Tuesday, September 20, 2011

Gary's Rules III: Remodeling the Rules


Last Tuesday, we took a look at an excerpt from chapter 5 that I thought might prove interesting for its own sake.  In context, however, Gary is using it as an example of major rules revision in the midst of a campaign.  The final section of the chapter is concerned with those times when groups entertain a need to revise the rules, either because they have discovered frustrations in the rules themselves, or because their style of play or the demands of their campaign are not sufficiently provided for by the rules, or because they tire of their campaign's genre and want to change, say, from a sci-fi setting to a horror setting.

In the midst of the pages (90-103), the concerns that keeps resurfacing for Gygax are isolation and disintegration of a campaign due to adoption of an incoherent new set of game rules.   To the latter, Gygax understandably can only speak in generalities.  However, even generalities are greatly helped by concrete examples.  Gygax eschews these because he says that with "so many game systems, detailed discussions of the process is not possible.  The quantity of unknowns is so great that even examples would be applicable to too small of a segment to be particularly useful" (98).  I am tempted to call this a lazy excuse.  Useful for guidance in particular situations?  I don't think that is how examples are necessarily helpful.  Examples would have been helpful for keeping the discussion from being so vague and abstract, and might have turned up types or similarities for others.  Even if not, it would have helped the reader to follow what Gygax had in mind.

On the whole, the section is willing to assume that mature game masters (and players) are the audience here, and that for them the real danger is one of isolation:  if you produce a hybrid or a unique new game that pulls your gaming group out of the mainstream of the already small segment of the population that plays RPGs, then you are endangering the social nature of gaming and putting your players at risk of not being able to meet, communicate and share, and game with others.  This lack of support puts the campaign and the players' future gaming at risk and could not only shorten the life of the campaign, but lead to drop-out from the larger gaming community.  Here Gary speak from his experience as designer of the most popular RPG of all time and the father of conventions.  This raises to view the very divided RPG market of today and the question of how and to what extents division has been bad and good for gamers -- a question I will lead you to ponder, gentle readers.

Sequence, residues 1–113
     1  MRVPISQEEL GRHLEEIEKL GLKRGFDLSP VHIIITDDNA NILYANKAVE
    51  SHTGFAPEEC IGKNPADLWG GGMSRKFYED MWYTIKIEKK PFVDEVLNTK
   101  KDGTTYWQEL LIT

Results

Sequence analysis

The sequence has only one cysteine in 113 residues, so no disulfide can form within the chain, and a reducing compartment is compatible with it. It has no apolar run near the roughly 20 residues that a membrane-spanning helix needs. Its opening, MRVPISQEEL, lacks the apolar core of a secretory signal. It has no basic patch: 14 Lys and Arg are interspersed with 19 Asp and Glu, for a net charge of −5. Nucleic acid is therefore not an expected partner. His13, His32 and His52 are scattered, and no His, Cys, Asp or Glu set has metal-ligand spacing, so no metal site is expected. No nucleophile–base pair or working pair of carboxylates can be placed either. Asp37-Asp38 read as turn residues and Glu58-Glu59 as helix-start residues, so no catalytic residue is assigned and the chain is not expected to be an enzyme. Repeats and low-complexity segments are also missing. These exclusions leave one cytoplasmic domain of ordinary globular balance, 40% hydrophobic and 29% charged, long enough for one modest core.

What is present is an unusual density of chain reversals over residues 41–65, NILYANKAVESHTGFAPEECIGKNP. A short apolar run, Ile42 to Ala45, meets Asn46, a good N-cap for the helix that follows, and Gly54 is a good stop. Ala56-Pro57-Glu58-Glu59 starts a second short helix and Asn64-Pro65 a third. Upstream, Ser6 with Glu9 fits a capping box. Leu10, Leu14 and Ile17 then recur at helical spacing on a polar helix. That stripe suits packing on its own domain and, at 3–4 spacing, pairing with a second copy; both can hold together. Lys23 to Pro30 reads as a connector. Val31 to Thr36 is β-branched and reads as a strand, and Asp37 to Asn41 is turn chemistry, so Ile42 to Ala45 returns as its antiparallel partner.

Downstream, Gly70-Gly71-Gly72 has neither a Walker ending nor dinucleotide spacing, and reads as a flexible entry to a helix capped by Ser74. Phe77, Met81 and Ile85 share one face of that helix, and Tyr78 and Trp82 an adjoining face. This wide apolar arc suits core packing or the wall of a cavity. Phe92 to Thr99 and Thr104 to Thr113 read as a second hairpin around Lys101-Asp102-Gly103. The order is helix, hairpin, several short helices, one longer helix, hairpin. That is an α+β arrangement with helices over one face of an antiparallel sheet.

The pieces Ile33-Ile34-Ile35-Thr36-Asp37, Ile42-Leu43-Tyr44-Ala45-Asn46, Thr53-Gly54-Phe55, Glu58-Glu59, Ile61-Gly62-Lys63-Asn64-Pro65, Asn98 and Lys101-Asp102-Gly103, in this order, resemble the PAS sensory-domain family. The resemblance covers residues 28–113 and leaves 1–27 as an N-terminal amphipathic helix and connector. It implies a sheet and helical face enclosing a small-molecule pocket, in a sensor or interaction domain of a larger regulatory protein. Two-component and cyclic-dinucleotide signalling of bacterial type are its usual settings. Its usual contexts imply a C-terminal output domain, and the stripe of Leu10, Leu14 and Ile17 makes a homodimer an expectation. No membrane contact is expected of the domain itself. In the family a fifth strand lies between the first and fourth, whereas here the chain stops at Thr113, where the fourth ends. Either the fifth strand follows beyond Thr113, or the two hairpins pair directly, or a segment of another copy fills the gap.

When the milieu of the campaign is highly developed and players love it but are frustrated with certain rules situations, or when the campaign seems to have reached a stage of fullness and there is a restlessness for something new and different, then the GM is faced with the decision about developing or changing the rules.  Gary breaks these down as follows:
Is the change to be radical, gradual, or moderate?
Do the changes that need to be made result in

1.  [the] existing game modified by no more than 50% new rules material
2.  more than 50% new systems utilizing an existing game as base
3. two or more existing games bridged by special rules
4. unique systems
 I will simply observe that you can take the broad ideas that Gary is advancing here to make general judgments, without feeling the need to actually quantify the amount of changes which I would find dubious.

While I found this one of the least helpful sections so far, what do I find to be the takeaway from it?
  1. As always, the desire and interest of the players are the GM's ruling consideration (91).
  2. Changes in the basic structure of the game demand not only intimate knowledge of the players' desires and interests, and the needs of the campaign that fits them, but mastery of the basic structure of the game that is remodeled.  "Which parts of the construction cry out for reinforcement?  Which ones are fine just as they are?  Which ones can be replaced without destroying the whole?"  (103)  Knowledge of a system's underpinnings are necessary to plan and carry out successful remodeling.  (Despite Gary's admission that the creation of new rules systems may be called for, his concern regarding isolation means that it gets the least consideration in the chapter, which essentially ends up being about remodeling more than replacement.)
Next Tuesday, Gary promises to answer our lingering questions about the place of research in role-playing mastery in chapter 6.  Until then, happy gaming...and perhaps, rules tinkering.

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